The German Insurance Market



Looking to the future

Dear Reader,
The war in Ukraine, COVID-19, inflation and energy shortages have all laid bare the weaknesses in the global economy and proved the ultimate test of resilience for business.

Yet, just as in every crisis, these challenges also present an opportunity to correct the errors of the past. Plenty of businesses are now planning to increase their stock levels in future and build more buffers into their supply chains. And the production of many essential goods – including food, textiles and pharmaceuticals – is being relocated back to Germany in order to prevent supply bottlenecks and reduce dependencies. As governments and businesses consider their future strategies, there are growing calls for trading relationships to be more closely aligned with efforts to improve human rights and social standards and meet sustainability targets. In recent years, the EU has passed a number of different laws promoting ESG standards and, in another significant step, the German government recently introduced its Supply Chain Due Diligence Act (LkSG). This new law, which applies across all sectors to companies with more than 3,000 employees, sets out various due-diligence obligations that businesses must observe in order to protect against human rights violations and environmental pollution in their supply chains. The impact of this legislation on companies' processes is far-reaching and significant. However, in the medium term, the mandatory risk analysis will help companies to better identify their existing dependencies and specific risk factors as well as to anticipate potential supply issues.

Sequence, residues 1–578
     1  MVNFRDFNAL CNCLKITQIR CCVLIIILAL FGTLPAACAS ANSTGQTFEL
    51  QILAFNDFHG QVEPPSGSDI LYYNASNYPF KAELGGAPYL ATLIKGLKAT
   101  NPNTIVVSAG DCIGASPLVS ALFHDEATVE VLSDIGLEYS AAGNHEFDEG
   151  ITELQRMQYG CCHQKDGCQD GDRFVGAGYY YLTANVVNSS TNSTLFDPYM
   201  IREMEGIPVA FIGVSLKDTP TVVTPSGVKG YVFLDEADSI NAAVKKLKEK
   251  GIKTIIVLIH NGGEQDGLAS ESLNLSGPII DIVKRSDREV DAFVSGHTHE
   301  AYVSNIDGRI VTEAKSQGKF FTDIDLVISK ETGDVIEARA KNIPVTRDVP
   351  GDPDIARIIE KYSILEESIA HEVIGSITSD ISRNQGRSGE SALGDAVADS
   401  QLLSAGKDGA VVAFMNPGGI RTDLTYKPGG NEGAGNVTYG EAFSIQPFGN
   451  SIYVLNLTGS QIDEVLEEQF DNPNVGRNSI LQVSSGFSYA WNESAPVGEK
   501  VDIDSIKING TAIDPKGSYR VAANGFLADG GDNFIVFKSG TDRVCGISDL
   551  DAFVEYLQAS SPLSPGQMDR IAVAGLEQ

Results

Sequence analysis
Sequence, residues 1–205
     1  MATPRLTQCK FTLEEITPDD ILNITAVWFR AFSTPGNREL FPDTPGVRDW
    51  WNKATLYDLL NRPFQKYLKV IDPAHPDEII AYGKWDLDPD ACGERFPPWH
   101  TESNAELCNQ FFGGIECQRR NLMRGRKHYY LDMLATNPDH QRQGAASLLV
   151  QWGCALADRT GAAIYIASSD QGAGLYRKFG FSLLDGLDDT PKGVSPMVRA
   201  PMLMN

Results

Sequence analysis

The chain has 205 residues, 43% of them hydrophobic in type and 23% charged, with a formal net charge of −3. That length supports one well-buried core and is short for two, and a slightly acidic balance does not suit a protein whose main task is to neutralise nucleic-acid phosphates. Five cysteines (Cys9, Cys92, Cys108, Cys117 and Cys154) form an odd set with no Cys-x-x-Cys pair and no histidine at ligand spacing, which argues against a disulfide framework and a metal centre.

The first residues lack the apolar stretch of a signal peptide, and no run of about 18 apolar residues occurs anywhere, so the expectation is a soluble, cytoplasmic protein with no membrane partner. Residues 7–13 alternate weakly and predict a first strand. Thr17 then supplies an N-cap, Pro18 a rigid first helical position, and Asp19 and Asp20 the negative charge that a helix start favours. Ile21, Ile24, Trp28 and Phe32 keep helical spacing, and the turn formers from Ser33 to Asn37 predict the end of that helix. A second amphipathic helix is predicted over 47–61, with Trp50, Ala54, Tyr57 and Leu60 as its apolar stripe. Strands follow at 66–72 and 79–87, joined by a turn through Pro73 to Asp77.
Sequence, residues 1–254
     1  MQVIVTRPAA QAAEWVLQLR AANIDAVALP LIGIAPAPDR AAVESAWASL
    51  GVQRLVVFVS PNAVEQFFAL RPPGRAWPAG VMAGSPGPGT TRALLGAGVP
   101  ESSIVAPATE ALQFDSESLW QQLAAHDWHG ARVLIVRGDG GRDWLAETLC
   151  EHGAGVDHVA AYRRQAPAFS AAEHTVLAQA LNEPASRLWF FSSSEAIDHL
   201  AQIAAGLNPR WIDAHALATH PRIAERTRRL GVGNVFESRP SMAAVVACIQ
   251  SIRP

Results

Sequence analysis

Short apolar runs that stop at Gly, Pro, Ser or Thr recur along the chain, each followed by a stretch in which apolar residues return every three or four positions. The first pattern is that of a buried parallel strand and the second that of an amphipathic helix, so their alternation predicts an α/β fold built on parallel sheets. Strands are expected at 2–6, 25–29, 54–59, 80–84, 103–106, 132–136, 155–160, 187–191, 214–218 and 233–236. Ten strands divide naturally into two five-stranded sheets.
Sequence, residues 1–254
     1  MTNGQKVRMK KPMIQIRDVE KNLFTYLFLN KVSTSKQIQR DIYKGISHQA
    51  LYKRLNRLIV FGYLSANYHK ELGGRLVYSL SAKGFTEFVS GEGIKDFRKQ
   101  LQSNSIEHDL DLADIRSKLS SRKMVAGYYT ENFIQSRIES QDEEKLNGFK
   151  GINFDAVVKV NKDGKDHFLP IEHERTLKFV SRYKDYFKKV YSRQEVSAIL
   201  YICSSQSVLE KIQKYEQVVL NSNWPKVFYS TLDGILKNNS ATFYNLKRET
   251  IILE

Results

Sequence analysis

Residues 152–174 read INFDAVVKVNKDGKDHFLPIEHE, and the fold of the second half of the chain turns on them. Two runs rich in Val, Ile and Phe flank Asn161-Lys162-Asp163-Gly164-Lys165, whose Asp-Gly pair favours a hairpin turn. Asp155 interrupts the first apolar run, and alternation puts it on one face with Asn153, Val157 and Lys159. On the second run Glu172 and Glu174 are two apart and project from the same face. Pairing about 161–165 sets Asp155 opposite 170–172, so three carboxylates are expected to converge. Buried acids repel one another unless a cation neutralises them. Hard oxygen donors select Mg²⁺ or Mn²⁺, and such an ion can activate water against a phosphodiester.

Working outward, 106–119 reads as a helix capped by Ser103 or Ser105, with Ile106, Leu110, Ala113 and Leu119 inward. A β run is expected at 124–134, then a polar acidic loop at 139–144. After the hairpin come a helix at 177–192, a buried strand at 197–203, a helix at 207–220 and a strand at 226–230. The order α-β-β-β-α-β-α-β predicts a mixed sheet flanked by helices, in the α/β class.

The shifting geopolitical situation has also forced European governments to ramp up their energy transition efforts in a bid to reduce their countries' dependence on fossil fuel suppliers. For businesses, too, action to protect the earth's climate is vital because climate change threatens to have a significant impact on their operations in the medium term. That said, as countries turn their backs on Russian oil and gas and seek instead to rapidly expand their use of renewables, so the influence of China increases. Chinese companies are the world leaders in the production of wind turbines and PV installations, and our dependence on China for these green technologies is a growing risk factor for energy security and, consequently, the energy transition in Europe. The rebuilding of Ukraine presents an opportunity to implement a package of measures to promote both growth and environmental sustainability. If Ukraine were to establish its own PV and wind turbine industry, it could become Europe's primary production location for these technologies. The country is certainly a good candidate: numerous wind farms and solar parks have been built in Ukraine since 2008, and the country has already amassed plenty of expertise in this area. German companies should have a key role to play in the rebuilding of Ukraine. But there's one big issue holding them back – and that's the lack of insurance options. That’s because for as long as the conflict continues in Ukraine, the only cover available to companies are costly war insurance policies. The war in Ukraine marks a turning point or "Zeitenwende" – and the insurance market now needs to look to the future and identify and assess the risks associated with this crossroads. The current focus on accumulation control is leading individual insurers to further reduce capacities and increase prices. Instead, the insurance industry must work together with the wider economy. Only then can we achieve a successful digital and environmental transition that secures long-term peace, stability and prosperity in Europe.
I hope you enjoy reading our market forecast.


Hartmuth Kremer-Jensen

Chief Broking Officer D-A-CH | Deputy CEO Germany